Im a new hygienist and I do most Scaling and root planing procedures in my office because I have local anesthesia certificate. I continually scale the root surface using slimline left and right tips plus other ultrasonic tips, then I use my hand instruments and irrigate with chlorhexidine post op. I also give them OHI such as flossing, stimudents,listerine and waterpik if necessary. When a patient returns for the 6 week re-eval and there is no tissue reduction and bleeding is apparent what is the next step? I don''t know what else I can do to reduce pocket depth and bleeding. Any advice you have for me would be great thanks. Im getting frustrated because I feel like I am letting the patient down.
Hi - Congratulations on being a new member of our profession! Your question is one that both new and experienced practitioners face, and there''s not a simple answer. One of the most obvious factors contributing to ongoing inflammation and unresolved probing depths is that there may be residual calculus left on the root surfaces. As a new clinician, it may be difficult for you to determine this, especially if you don''t work with a periodontal endoscope. Sometimes the calculus can be burnished on to the root surface, so detecting it can be a challenge. Another factor might be your approach: it''s recommended that you use the larger ultrasonic tips for removal of heavy deposit and then the Slimline tips afterward. While there are newer ultrasonic tips that can be used on higher power, the original Slimline-type tips were not meant for removal of heavy deposits. Be sure to read Anna Pattison''s "Tips on Technique" column in the upcoming April issue. She discusses thinner ultrasonic tips and the use of anesthesia in greater detail.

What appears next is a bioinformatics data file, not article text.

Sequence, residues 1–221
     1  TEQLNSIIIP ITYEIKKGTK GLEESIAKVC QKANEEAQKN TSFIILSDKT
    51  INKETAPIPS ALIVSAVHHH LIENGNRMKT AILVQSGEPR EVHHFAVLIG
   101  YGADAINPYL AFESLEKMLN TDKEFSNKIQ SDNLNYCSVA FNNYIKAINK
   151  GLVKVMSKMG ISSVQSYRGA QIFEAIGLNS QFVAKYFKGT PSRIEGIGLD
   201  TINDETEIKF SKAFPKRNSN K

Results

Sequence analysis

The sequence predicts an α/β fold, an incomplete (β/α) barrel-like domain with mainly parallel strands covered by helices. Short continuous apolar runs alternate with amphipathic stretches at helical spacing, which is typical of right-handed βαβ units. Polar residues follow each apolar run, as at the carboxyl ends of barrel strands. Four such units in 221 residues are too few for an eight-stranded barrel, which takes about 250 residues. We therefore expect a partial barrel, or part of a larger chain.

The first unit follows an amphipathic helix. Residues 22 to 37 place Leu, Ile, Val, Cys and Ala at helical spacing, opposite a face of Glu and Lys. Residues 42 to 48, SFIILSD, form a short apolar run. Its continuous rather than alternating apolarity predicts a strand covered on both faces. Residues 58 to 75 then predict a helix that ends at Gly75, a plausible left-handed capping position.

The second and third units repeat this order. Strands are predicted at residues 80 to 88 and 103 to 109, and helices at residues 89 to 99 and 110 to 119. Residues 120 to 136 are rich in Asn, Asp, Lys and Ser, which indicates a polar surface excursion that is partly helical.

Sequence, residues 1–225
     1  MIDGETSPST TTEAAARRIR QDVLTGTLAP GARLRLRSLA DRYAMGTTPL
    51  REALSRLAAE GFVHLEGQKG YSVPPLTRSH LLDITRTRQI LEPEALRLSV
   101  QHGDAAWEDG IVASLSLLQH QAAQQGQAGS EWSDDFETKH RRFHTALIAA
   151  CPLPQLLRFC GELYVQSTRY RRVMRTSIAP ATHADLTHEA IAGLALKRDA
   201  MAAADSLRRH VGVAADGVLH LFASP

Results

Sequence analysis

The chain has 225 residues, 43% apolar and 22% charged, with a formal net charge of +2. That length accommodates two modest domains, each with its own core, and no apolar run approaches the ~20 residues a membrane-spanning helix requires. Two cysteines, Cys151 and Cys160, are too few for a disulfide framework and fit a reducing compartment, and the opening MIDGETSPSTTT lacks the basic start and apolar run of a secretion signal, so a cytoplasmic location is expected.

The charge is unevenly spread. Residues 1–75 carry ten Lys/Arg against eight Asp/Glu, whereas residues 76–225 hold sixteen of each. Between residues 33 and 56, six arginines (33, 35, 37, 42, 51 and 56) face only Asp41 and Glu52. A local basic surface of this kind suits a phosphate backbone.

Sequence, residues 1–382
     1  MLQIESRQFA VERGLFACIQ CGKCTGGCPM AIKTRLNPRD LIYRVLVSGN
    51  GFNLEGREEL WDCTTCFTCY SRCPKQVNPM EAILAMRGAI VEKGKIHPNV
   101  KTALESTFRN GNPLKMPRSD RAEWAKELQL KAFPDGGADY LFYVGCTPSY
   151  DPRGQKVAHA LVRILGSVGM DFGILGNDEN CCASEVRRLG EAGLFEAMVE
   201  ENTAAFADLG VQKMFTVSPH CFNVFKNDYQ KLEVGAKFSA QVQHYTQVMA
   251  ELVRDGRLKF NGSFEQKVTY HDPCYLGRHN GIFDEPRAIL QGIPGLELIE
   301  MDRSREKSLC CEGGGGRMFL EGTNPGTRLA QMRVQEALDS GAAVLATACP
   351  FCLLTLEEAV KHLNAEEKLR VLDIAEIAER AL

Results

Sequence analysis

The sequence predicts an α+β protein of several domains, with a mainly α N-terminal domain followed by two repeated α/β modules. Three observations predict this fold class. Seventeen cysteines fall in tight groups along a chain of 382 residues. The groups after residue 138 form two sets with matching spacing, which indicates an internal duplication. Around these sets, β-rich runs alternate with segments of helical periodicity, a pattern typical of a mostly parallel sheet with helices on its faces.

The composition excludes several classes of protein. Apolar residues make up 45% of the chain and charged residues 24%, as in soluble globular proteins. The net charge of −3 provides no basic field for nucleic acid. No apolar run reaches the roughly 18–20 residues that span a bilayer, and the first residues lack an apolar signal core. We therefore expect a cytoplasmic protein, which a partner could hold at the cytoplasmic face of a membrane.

Of course, there may numerous other reasons why you are seeing continued inflammation after debridement procedures (such as systemic health issues.) It would be impossible to discuss all the possibilities in this response. So I suggest you try to determine if there indeed is residual deposit left on the root surfaces. Also, if your office works closely with a periodontist, and unresolved sites that you cannot control should be referred to the specialist for care.
I hope that helps!